I don't remember what the point of that story was, but I do remember thinking that my own memory problems seemed to corroborate with the points Gilbert was making, which might explain why I'm willing to trust his argument so much.

And last but not least, a totally unrelated LolCat meme )
theladyrose: (Default)
As I've been listening to some new soundtracks from the library (which has a surprisingly classy Philip Glass selection; I now have the whole -atsi trilogy!) and inspired by some of [profile] swashbuckler332's recent recs, I'm listing a couple of my favorites as of late from random categories.  If it's possible, I swear I feel some of my reviewer "muscles" atrophied - I have a bunch more half-formed reviews I wanted to write scattered about on paper, on my computer and in my head; I'll get around to them when I can. 

I swear, once I get back to college I *will* track down Jon Burlingame (the Man from UNCLE soundtrack producer) and have lunch with him.  Spring term once I'm done with all of my core requirements, I will turn my entire schedule upside down if necessary so I can take that TV music course of his.

: Bernard Herrman Film Scores: From Citizen Kane to Taxi Driver, as conducted by Elmer Bernstein.  I normally dislike compilations as a whole, especially ones that are supposed to reflect a composer’s oeuvre, as they tend to include all of the main pieces you already have anyway or are totally butchered by an inept conductor.  Thankfully legendary composer Bernstein makes sure such an awful fate doesn’t befall Herrmann. The listener is treated to a delightful sampling of Herrmann’s compositions for Hitchcock, with a sprinkle of his best works from the post-Hitchcock era (I love Bernstein’s concert suite of Taxi Driver) as well as Citizen Kane, the masterpiece that was his start in the film industry. The selection of works balance familiar staples (the controlled chaos that is the main title fandango of North by Northwest, the driving title theme and infamous shower sequence from Psycho) with the less well-known (the jaunty but slightly off-kilter title theme from The Wrong Man, the haunting and reflective “Book People” cue from Fahrenheit 451).  This presentation strikes a balance between the contemplative and quietly revealing with sheer emotional intensity.  It helps that most of the pieces are difficult to find – where else will you find a rendition of “the Storm Clouds,” as conducted by Herrmann in The Man Who Knew Too Much remake?  Like Herrmann, Bernstein lends a lyrical expressiveness to the music without making it farcically overwrought while throwing in his unique brand of exuberance for his friend’s work.  My only minor quibble was with Vertigo’s “Scène d’Amour,” which has my favorite build-up out of all recorded versions of this cue, but soon loses steam once Madeleine is “revealed” again.  But on the whole, you can’t go wrong listening to a lovingly presented album of some of film's greatest music.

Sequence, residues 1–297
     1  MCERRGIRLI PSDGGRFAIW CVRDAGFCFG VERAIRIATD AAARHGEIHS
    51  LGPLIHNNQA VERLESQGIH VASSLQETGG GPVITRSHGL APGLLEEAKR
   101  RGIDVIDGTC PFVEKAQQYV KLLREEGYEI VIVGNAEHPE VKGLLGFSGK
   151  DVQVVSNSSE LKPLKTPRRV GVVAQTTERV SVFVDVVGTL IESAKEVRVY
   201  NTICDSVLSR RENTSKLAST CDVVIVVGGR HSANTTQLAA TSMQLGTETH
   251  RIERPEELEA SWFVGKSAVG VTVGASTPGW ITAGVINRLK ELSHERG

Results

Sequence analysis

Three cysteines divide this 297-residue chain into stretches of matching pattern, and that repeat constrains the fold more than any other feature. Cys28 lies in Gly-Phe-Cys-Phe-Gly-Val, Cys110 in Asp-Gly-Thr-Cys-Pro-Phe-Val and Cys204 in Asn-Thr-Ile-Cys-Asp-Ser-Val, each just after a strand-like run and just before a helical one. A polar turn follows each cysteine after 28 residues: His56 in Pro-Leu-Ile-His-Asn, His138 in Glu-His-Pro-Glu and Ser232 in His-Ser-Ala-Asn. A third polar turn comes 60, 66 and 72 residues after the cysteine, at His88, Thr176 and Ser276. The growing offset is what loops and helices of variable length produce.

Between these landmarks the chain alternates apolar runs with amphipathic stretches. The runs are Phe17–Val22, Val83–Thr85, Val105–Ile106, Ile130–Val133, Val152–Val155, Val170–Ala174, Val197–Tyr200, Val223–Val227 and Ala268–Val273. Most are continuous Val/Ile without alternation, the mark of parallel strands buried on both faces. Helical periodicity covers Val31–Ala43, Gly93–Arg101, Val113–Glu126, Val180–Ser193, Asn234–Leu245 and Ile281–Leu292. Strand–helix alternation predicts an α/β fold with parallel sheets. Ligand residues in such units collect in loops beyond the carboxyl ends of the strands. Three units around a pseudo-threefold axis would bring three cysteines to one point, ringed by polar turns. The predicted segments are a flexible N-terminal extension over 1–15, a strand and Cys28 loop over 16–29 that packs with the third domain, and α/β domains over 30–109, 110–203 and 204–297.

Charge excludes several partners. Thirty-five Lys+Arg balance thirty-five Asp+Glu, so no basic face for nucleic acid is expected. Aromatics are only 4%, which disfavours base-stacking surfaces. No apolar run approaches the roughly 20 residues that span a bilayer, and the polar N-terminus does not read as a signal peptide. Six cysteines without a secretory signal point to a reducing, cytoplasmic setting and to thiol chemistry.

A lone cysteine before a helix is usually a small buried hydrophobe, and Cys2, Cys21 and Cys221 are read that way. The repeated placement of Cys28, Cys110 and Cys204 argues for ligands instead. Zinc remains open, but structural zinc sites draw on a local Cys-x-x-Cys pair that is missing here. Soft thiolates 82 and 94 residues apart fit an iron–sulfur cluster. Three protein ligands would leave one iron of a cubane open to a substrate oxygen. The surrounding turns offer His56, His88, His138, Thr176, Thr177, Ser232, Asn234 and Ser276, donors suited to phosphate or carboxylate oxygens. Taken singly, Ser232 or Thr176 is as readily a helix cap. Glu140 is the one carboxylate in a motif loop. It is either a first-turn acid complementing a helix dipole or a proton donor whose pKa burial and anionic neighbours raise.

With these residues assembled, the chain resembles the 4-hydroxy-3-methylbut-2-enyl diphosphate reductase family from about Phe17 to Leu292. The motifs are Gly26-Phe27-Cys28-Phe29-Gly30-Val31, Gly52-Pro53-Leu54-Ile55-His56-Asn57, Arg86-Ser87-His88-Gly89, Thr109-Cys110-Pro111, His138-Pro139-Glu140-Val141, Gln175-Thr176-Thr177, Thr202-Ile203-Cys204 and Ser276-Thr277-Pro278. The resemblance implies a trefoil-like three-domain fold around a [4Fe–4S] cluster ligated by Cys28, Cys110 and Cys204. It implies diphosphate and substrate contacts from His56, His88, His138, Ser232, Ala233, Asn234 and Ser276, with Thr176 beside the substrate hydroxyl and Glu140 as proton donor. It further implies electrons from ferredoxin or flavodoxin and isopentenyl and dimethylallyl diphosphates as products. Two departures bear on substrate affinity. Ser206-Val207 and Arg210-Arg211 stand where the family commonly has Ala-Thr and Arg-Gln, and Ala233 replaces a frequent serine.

Runner-up: Festival de Cannes: 60th Anniversary has some of the best selections of late 20th century, hands down.  Most multi-decade “classic film” compilations pander to mainstream Hollywood blockbusters, featuring only a few well-known composers, with a couple of acknowledged Oscar dramas thrown in.  They generally focus on the 70’s onwards, feeding into John Williams and his stylistic ilk, and a couple other sentimental pop favorites (Marvin Hamlisch’s The Way We Were and “My Heart Will Go On” from Titanic almost always appear, too).  The Cannes selections are far more worldly and much more stylistically intriguing – so many musical gems spanning genres that would otherwise be very difficult to find.  Kudos to the producers who thought of featuring the M*A*S*H title theme followed up by the title theme from Z.  If you ever want a quick sampler of great film music from around the world and across time, this would be a great place to start.

Best re-released score as conducted by someone else: Joel McNeely’s recording of Vertigo, written by the incomparable Bernard Herrmann, finally does justice to one of the most beautiful scores ever written after the original conductor Muir Matheson (curse you, studio musicians’ strike!) butchered.  I’ve written a fair amount about this score previously; though a few minor cues are missing, having an authentic loyal to Herrmann’s vision is far worth it.